A man who spent six months in prison for a crime he could not possibly have committed suffered a “miscarriage of justice,” NDP MLA Nahanni Fontaine said in the Legislature on Monday.
The Manitoba Court of Appeal acquitted Richard Joseph Catcheway, who had pleaded guilty to breaking into a Winnipeg home on Sept. 9, 2017, even though at the time he was an inmate at Brandon Correctional Centre.
“The legal system failed Mr. Catcheway. Neither the prosecutor, nor the defence, or anyone else in the justice system, spotted the obvious truth. It was impossible for Mr. Catcheway to commit this crime,” Fontaine said.
Catcheway suffers from fetal-alcohol spectrum disorder (FASD) and drug addiction, Fontaine said.
A few weeks after Catcheway’s guilty plea in November, the sentence administrator at Brandon Correctional Centre sent a letter to counsel telling them that Catcheway could not have committed the crime.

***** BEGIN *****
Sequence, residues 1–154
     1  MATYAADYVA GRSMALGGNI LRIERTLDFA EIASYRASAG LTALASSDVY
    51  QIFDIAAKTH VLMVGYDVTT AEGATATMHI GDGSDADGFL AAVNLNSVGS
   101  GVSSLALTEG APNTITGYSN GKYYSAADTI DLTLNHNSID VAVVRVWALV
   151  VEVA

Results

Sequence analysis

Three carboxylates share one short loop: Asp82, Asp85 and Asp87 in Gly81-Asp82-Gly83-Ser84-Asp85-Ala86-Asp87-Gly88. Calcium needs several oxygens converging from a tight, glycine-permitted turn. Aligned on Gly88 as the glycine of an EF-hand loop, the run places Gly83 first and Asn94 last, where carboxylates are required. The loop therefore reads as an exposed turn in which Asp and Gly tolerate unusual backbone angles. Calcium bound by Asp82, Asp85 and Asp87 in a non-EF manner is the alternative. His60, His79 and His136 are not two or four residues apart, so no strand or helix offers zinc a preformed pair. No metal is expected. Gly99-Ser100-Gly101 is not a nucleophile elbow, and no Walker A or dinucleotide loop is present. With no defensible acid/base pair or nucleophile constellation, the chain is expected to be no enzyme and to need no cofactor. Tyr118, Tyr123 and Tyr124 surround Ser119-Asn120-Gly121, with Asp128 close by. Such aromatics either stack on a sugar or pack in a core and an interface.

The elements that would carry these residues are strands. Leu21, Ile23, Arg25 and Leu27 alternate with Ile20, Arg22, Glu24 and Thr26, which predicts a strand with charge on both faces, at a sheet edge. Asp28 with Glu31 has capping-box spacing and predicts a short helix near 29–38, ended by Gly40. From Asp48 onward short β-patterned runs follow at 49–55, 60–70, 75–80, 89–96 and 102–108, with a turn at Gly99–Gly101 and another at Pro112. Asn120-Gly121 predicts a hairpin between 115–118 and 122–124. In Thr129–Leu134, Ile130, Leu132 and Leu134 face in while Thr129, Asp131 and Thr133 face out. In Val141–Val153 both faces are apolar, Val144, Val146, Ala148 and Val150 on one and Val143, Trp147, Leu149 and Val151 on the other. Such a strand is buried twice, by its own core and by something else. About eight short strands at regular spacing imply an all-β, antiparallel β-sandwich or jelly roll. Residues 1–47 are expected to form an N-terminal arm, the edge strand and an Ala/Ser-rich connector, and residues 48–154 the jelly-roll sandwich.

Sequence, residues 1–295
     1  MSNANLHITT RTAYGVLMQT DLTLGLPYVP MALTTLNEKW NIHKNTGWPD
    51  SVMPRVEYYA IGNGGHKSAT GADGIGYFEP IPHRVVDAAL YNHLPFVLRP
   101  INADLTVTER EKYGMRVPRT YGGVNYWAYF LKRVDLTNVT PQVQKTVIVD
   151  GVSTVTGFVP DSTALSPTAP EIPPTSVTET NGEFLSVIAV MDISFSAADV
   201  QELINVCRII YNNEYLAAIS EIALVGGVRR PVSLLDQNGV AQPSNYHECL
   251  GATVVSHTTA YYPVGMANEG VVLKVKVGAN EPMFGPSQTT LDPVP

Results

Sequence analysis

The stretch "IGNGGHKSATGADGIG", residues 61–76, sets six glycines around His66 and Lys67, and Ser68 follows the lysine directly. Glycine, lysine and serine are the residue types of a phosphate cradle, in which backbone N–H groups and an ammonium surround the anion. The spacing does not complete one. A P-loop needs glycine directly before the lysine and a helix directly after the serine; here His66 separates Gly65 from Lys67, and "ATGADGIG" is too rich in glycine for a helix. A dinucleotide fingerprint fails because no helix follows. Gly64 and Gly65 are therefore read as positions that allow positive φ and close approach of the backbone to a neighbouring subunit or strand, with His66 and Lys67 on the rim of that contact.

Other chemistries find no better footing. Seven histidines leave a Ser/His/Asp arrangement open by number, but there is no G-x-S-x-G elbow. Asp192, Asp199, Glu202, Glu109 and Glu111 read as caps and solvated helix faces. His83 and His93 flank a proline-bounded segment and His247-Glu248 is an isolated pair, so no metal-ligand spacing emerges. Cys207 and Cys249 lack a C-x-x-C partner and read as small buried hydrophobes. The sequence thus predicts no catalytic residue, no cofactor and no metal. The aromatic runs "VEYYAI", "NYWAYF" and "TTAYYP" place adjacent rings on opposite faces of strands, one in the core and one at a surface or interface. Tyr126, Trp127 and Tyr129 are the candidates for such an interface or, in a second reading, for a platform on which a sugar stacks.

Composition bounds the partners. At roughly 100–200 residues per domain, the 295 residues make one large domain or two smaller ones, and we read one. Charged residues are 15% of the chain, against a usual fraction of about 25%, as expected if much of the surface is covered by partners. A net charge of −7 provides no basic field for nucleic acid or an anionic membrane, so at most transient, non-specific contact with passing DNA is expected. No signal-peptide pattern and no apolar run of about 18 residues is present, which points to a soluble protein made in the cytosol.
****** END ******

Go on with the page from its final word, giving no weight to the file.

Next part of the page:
On May 10, the Court of Appeal ruled unanimously to allow Catcheway to withdraw his plea and quashed his conviction.
“We are all of the view that, in light of the fresh evidence that conclusively proves the accused’s innocence, it would understandably be a miscarriage of justice to uphold his guilty plea,” the judges wrote in the ruling.
Fontaine asked what steps the government is taking to prevent similar cases. Justice Minister Heather Stefanson said the ongoing review of the justice system will seek to address these issues.
“This is obviously a very unfortunate incident,” Stefanson said. “I will say from the system standpoint, we want to always look at ways to improve the system and improve communication in the criminal justice system.”
Stefanson said the government inherited a backlogged system from the previous NDP administration, which is why they ordered the system-wide review.
Fontaine said the province risks more similar cases because it froze funding for Legal Aid.
“An overloaded and underfunded Legal Aid system opens the door to a miscarriage of justice,” the NDP MLA said.